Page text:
There are people who make a living matching horses and riders. Many of them are also trainers and riding instructors. If you engage a professional to help you find a horse, be sure that he or she has experience with horses coming from racing and has good connections. A good agent will review the online listings that you like, visit horses with you, ask the right questions, and save you the trouble of looking at unsuitable horses. Some agents are paid a percentage of the purchase price and other will charge you for their time.

Farms and Aftercare Facilities

The farms and aftercare facilities listed in this directory have ex-racehorses available for sale or adoption. Most have worked with the horses since racing, know something about their suitability for second careers, and will allow you to watch them being ridden and ride them yourself. You will find a range of quality in terms of training and facilities. Keep in mind that good horses can be found at what appear to be bad places, and horses can be misrepresented even at the fanciest show barns.

Keep in mind when “shopping” at a nonprofit aftercare facility that you are adopting rather than purchasing outright. Most screen adopters, charge adoption fees below market value, and include terms in their contracts that are designed to protect the horse in the future. Most of these organizations will take horses back if necessary and some have restrictions on resale. Read the adoption contract terms before you sign them.

RRP’s survey showed that horses acquired in the last two years were twice as likely to have come from a nonprofit aftercare organization as horses acquired six or more years ago. The number and capacity of these charitable organizations has increased thanks to funding from Thoroughbred Charities of America, Thoroughbred Aftercare Alliance, Blue Horse Charities, ASPCA Rescuing Racers Initiative and others.

Whether shopping for a horse or placing one, it is important to understand that the role of a charitable aftercare organization or rescue is different from that of a farm or individual in the for-profit sector. Charities serve a public purpose and are not to use their tax-exempt status to gain a competitive advantage over private businesses. When a charitable organization places a retired racehorse it generally uses the term “adoption” rather than “sale” and places conditions on that adoption that distinguish it from a private sale. Those conditions vary by organization and are referenced in each directory listing but are fully described in adoption contracts. It is important as an “adopter” to understand the terms and be willing to comply.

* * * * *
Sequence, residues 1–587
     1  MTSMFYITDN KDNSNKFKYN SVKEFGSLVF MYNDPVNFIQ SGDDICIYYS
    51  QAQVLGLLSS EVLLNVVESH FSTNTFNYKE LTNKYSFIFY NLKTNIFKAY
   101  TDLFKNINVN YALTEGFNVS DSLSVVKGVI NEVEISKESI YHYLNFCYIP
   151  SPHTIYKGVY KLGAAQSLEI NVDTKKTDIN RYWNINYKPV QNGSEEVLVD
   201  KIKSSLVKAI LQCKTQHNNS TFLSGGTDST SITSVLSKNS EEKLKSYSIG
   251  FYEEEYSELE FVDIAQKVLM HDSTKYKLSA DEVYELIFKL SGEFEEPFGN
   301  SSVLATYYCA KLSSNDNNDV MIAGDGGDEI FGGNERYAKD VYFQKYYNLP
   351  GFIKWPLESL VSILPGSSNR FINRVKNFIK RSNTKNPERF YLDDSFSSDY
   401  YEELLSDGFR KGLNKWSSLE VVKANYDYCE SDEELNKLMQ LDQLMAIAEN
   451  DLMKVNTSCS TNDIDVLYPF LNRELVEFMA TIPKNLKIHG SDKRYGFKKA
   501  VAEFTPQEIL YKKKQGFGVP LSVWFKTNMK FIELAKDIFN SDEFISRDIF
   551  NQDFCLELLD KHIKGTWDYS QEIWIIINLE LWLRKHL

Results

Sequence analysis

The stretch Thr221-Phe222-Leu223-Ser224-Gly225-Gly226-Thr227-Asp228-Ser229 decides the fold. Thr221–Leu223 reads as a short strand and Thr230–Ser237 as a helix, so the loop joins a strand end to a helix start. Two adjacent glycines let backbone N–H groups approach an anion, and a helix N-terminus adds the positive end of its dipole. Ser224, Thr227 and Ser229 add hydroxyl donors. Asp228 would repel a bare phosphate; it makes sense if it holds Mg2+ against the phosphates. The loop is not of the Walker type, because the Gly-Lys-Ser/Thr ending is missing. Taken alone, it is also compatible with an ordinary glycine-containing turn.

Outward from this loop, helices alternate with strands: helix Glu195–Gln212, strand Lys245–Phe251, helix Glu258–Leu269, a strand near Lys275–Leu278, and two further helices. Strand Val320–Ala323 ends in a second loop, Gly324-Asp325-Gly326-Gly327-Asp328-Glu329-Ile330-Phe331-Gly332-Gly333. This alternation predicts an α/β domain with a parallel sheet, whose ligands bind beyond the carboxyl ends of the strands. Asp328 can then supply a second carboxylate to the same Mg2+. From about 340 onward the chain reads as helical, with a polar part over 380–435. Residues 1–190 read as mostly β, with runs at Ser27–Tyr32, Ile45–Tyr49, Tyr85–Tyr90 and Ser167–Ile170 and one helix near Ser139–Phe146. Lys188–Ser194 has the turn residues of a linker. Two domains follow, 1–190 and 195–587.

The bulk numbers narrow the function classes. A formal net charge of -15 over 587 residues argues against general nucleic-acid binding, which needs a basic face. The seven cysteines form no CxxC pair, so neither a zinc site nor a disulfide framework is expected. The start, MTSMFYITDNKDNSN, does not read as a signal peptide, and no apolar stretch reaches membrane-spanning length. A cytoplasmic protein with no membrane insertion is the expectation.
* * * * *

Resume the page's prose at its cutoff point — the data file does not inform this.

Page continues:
Like farms and trainers in the private sector, aftercare and rescue organizations vary in the quality of the care they offer and the effectiveness of the training they provide. We have noted where organizations have been funded by TCA or accredited by Thoroughbred Aftercare Alliance. Both suggest that the organizations have demonstrated the effectiveness of their work.

View a list of Non-Profit Placement Organizations in the RRP online Directory

Farms and Trainers

To the extent that the work of RRP and others is effective and off-track Thoroughbreds increase in popularity and value, more business opportunities will exist for professional trainers and horse sellers.

The professionals listed in this directory vary in skill and capacity. Some will buy horses off the track, train them, and sell them on when their value has increased to a level that their investment will be rewarded. Some will train for a fee and then sell as an agent of the owner after the horse has reached a level of education that its value has risen and its future is more secure. Others will sell on straight consignment.

Professional trainers in the riding sports are an excellent resource for racing owners who want their horses to have the quality training that will enhance their value and prevent them from becoming unwanted in the future.

View a list of Farms and Trainers in the RRP online Directory

Sours: https://www.retiredracehorseproject.org/how-to-use-the-directory/guidelines-for-finding-your-off-track-thoroughbred
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Search by horse name for a free report, then follow the links to download detailed research reports for a small fee. Alternatively, start your search via the sire lists below.